CodeIgniter 2 Cookbook

By Rob Foster
    What do you get with a Packt Subscription?

  • Instant access to this title and 7,500+ eBooks & Videos
  • Constantly updated with 100+ new titles each month
  • Breadth and depth in over 1,000+ technologies
  1. Free Chapter
    CodeIgniter Basics
About this book

As a developer, there are going to be times when you’ll need a quick and easy solution to a coding problem. CodeIgniter is a powerful open source PHP framework which allows you to build simple yet powerful full-feature web applications.

CodeIgniter 2 Cookbook will give you quick access to practical recipes and useful code snippets which you can add directly into your CodeIgniter application to get the job done. It contains over 80 ready-to-use recipes that you can quickly refer to within your CodeIgniter application or project.

This book is your complete guide to creating fully functioning PHP web applications, full of easy-to-follow recipes that will aid you in any aspect of developing with CodeIgniter. CodeIgniter 2 Cookbook takes you from the basics of CodeIgniter, through e-commerce features for your applications, and ends by helping you ensure that your environment is secure for your users and SEO friendly to draw in customers.

Starting with installation and setup, CodeIgniter 2 Cookbook provides quick solutions to programming problems that you can directly include in your own projects. You will be moving through databases, EU Cookie Law, caching, and everything else in-between with useful, ready-to-go recipes. You will look at image manipulation using the Image Manipulation library, user management (building a simple CRUD interface), switching languages on the fly according to the user preference, caching content to reduce server load, and much more.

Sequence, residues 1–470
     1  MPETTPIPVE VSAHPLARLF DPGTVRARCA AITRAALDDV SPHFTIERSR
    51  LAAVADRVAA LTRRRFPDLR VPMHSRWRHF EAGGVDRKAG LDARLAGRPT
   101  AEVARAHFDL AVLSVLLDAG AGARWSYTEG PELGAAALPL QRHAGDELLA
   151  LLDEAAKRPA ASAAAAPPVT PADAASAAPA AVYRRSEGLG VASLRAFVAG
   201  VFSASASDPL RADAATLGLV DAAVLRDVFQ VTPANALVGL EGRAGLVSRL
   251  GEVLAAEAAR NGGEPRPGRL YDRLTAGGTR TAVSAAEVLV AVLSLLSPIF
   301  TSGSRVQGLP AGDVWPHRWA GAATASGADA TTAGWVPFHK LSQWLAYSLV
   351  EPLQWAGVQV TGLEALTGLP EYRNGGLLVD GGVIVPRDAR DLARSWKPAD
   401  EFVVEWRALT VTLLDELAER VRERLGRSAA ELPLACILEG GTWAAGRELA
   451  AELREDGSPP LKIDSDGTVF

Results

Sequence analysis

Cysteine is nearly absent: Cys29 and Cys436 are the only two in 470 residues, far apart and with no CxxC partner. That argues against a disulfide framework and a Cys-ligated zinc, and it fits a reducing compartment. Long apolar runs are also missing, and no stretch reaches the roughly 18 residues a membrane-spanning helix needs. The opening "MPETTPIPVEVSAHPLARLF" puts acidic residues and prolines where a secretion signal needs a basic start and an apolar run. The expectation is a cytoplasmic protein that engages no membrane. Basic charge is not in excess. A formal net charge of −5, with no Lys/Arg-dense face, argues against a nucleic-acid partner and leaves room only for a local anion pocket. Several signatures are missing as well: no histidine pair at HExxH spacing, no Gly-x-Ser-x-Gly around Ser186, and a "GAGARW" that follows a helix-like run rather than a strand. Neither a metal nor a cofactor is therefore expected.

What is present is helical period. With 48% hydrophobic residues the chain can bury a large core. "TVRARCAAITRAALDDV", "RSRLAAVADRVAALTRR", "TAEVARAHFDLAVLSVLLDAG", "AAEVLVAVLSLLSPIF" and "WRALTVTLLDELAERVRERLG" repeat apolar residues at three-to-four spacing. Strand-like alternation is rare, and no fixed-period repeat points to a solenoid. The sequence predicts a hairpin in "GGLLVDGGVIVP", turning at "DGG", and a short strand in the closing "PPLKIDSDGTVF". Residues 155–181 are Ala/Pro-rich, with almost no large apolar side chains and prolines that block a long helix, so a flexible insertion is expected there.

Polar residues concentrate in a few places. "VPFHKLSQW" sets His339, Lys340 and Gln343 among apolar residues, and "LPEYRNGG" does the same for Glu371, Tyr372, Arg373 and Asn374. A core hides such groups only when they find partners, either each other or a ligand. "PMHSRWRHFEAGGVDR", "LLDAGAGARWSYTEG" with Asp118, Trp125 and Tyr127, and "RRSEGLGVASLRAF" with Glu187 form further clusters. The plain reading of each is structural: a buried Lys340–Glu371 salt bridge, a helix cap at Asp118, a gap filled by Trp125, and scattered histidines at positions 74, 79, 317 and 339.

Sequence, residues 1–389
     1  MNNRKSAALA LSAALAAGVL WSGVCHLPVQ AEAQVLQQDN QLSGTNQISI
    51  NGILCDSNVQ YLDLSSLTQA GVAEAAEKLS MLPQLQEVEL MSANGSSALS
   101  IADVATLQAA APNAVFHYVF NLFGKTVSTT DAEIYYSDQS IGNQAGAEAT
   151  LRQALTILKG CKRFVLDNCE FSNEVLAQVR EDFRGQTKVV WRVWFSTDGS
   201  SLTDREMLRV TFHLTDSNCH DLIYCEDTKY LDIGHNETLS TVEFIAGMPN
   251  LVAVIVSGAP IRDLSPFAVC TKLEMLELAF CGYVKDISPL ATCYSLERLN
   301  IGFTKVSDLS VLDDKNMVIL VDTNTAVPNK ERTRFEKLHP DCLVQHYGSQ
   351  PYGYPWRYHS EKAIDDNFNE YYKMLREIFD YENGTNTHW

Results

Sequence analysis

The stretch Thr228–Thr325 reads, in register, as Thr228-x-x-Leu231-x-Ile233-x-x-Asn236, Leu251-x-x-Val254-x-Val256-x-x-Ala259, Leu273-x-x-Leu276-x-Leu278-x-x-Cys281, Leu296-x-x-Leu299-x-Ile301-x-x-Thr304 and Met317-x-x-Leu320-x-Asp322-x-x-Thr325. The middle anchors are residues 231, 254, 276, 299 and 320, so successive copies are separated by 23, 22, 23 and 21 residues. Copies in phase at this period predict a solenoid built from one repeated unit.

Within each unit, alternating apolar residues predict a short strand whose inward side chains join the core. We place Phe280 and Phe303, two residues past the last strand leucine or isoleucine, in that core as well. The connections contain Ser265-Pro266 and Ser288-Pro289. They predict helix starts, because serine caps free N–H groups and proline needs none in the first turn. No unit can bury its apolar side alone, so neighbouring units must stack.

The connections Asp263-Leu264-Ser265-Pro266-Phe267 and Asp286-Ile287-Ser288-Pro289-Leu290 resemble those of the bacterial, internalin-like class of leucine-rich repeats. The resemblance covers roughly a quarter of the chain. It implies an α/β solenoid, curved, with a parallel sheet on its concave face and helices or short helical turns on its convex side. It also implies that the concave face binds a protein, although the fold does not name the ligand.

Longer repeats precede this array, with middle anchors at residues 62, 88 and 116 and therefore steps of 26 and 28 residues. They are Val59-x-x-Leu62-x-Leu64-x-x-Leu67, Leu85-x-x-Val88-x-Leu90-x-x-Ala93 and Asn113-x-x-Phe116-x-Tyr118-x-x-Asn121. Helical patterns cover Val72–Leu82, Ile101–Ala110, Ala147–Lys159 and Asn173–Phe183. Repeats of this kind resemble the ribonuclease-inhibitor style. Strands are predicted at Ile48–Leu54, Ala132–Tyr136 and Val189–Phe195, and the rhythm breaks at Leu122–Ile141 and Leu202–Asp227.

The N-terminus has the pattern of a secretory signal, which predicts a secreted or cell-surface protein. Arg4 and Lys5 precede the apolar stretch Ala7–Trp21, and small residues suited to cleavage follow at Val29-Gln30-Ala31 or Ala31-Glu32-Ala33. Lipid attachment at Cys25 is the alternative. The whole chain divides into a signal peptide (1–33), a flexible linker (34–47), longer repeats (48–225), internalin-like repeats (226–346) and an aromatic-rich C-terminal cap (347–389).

Publication date:
December 2013


Chapter 1. CodeIgniter Basics

In this chapter, we will cover:

  • Downloading and installing CodeIgniter

  • Basic configuration options

  • Managing CodeIgniter on different environments

  • Managing database settings in different environments

  • Securing system files

  • Removing index.php from the address bar using .htaccess

  • Installing and using Sparks



CodeIgniter is an easy to use, easy to set up PHP-based framework which you can use to build pretty much any web-based application you can think of. There is a little bit of configuration needed before we can start to use CodeIgniter; however, this chapter will walk you through downloading, installing, and understanding the basic configuration of CodeIgniter to help you quickly get up and running.


Downloading and installing CodeIgniter

First things first, you will need a copy of CodeIgniter to be getting on with. There are several choices: you can download a nightly build, an older version, or the current stable release. However, it's recommended that you go for the latest stable version.

How to do it...

You can get your hands on the latest stable version of CodeIgniter through the following link:

CodeIgniter will be offered as a compressed archive file. Once CodeIgniter has been downloaded, copy the package to your web folder, and unpack it as you would normally unpack an archive on your system. Once you've done this, you'll need to set some configuration options, which we'll look at next.


Basic configuration options

Configuring CodeIgniter is a lot easier than many other web frameworks available and does not require you to resort to using the command line. All you need to quickly get up and running is access to several files in the application/config/ folder. These are a few of the suggested settings which will get your CodeIgniter installation ready without too much fuss.

How to do it...

Open the file in your localhost of development environment: /path/to/codeigniter/application/config/config.php and find the following lines:


The value should be the full web address (the address that is written in your browser address bar) to the CodeIgniter installation. So if you are working in your localhost, the value should be: http://localhost/path/to/codeigniter/.


Remember to begin with a http:// and always put the trailing / slash.